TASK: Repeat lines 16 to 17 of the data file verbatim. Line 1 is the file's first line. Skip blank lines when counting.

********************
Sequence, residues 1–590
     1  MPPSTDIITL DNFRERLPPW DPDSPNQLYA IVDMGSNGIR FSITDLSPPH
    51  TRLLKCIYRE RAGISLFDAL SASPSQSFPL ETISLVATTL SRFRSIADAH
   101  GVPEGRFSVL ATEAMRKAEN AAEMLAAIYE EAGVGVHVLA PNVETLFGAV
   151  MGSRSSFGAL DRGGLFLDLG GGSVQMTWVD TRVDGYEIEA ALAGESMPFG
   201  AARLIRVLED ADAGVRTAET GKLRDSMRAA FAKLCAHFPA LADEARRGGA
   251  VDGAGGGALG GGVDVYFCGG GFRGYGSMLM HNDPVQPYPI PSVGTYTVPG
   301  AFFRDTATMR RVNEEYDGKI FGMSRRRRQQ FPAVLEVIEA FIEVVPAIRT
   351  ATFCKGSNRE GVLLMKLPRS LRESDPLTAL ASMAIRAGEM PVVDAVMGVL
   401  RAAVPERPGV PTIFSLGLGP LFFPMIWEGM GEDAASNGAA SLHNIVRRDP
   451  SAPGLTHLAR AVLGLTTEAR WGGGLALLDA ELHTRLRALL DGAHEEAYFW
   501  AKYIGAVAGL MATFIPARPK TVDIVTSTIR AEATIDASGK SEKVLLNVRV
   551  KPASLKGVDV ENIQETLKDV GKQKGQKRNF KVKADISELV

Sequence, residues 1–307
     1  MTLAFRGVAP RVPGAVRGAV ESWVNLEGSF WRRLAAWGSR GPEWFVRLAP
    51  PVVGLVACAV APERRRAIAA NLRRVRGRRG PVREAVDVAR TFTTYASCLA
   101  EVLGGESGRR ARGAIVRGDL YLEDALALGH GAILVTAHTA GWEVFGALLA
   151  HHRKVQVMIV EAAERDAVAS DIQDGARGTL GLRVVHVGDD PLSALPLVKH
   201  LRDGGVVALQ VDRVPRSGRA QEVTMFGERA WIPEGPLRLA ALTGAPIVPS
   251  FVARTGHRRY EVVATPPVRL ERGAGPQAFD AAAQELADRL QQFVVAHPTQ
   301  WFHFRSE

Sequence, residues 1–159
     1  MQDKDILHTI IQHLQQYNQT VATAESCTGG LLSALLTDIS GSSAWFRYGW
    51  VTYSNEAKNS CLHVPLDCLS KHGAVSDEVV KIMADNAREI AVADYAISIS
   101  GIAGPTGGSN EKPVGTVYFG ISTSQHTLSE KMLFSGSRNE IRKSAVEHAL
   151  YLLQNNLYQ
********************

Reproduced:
    51  PVVGLVACAV APERRRAIAA NLRRVRGRRG PVREAVDVAR TFTTYASCLA
   101  EVLGGESGRR ARGAIVRGDL YLEDALALGH GAILVTAHTA GWEVFGALLA